Ebanx Postpones. Will We Still Have IPOs from LatAm in the U.S. in 2022?

Analysts heard by Bloomberg Línea believe that tech companies may be devalued if they go public during the “Bear Market”

By Bloomberg Línea
February 04, 2022 | 03:13 PM

Brazilian payments company Ebanx, which had already started the process of going public, decided to postpone its IPO in the United States, as reported by Bloomberg. The fintech company said it “remains attentive to the best market timing for an eventual IPO.” The move comes in a difficult window for IPOs of tech companies, as the market has reduced the present value of the company by the trend of falling profitability in the future. Added to this is the political instability in Brazil due to the presidential elections this year.

But a difficult window is not just a problem of today. Since last year, investors have adopted a less optimistic view of fintechs’ shares. Worried about the valuation, Brazil’s PicPay, which would make its stock market debut in 2021, also postponed to ring the New York bell. Even Nubank, which went public 56 days ago as Latin America’s most valuable financial institution, has already lost more than 30% of its value since the IPO, even though it is usual for companies to depreciate after their first day on the stock exchange.

Uruguayan fintech dLocal, which went public in June last year at a valuation of $9 billion, had a market cap of $8.37 billion in February. VTEX, a Brazilian technology company that debuted on the NYSE at a $3.6 billion valuation, has also skidded. This month the company is worth $1.46 billion, according to the Companies Market Cap indicator.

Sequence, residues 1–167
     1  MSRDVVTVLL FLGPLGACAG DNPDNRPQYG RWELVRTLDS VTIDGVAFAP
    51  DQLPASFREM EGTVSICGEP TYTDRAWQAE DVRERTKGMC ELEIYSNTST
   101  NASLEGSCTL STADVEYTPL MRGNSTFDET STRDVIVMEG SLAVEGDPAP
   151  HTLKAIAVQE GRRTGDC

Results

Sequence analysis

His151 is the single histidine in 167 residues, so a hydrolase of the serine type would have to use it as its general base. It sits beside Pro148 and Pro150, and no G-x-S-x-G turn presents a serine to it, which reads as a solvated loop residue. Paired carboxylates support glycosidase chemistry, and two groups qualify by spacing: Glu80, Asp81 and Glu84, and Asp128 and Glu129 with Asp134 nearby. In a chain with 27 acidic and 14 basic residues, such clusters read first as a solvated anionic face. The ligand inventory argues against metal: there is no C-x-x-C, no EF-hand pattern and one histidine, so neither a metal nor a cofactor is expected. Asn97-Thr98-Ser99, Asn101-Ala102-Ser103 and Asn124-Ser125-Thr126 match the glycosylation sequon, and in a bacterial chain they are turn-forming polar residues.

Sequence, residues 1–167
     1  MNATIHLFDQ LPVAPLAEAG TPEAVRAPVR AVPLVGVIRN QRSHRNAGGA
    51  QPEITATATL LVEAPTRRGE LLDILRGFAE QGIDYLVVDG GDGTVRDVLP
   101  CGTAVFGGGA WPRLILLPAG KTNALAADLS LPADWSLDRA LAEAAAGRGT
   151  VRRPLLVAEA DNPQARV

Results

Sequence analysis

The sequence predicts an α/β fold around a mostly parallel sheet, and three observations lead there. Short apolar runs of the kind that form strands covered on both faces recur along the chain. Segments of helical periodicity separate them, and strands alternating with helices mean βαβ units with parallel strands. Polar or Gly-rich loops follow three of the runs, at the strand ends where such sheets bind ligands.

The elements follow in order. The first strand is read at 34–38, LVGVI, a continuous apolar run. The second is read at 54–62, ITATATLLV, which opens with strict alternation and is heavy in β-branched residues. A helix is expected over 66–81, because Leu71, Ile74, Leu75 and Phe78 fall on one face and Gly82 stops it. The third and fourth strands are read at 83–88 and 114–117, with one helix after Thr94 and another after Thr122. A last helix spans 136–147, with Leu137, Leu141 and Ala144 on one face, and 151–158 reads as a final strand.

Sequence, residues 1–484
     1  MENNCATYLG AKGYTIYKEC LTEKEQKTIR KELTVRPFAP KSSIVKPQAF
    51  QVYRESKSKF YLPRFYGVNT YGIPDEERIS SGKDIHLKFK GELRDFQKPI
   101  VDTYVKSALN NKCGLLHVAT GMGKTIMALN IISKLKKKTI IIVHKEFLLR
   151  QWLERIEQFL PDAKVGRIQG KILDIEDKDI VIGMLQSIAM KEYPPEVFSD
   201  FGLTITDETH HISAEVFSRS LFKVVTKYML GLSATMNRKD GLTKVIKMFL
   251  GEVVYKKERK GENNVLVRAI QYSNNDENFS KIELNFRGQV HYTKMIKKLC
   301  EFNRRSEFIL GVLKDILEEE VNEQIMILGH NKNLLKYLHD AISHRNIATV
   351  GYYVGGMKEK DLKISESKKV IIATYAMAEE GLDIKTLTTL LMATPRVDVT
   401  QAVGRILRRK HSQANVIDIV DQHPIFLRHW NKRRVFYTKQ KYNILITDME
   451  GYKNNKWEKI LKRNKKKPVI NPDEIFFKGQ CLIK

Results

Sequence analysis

For Fabrício Winter, partner at Boanerges&Cia, a consulting firm specializing in financial services, “the market is undergoing a major adjustment.” He explains that the economic crisis scenario reduces the value of shares, especially of companies that count on the “Brazil risk”.


“We are entering a political year, which ends up generating more insecurity, and investors end up leaving these businesses more easily,” Winter said. Even so, the analyst believes that the market is already pricing in the worst-case scenario and that these elements of the market cause “many good companies to be placed in the same package of companies that are showing signs of problems in the business model.”

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This could hurt the IPO of Brazilian unicorn candidates to go public this year like Creditas and QuintoAndar, for example. “It could be that we have companies going public this year, but because of the economic scenario, it could be that they are undervalued, even if they are profitable companies. We need to look at what these companies are today and the future of these companies since the market works in this evaluation process with expectations of future earnings”.


Better for those who can hold on to the private market

Ebanx said it grew more than 110% in the volume of payments processed in 2021. Last year, the company received a $430 million investment from Advent International.

Paulo Passoni, one of SoftBank’s partners in Latin America, recently posted on LinkedIn that this year’s “Bear Market” is similar to that of the 2000s, driven by US monetary policy.

According to him, investors need to be patient as assets can get much cheaper. “In 2000 and 2008 the capital market crisis lasted about a year. As the world is moving faster, it might last less,” he wrote.

Passoni advises founders that “this is not the time to raise capital [on the stock market] unless it is necessary or the company has incredible numbers.” Carlos Naupari, the co-founder of VELVT, a company that promises liquidity for startups, adds that “the private market raises twice as much capital as the public market, but is 330 times less liquid.”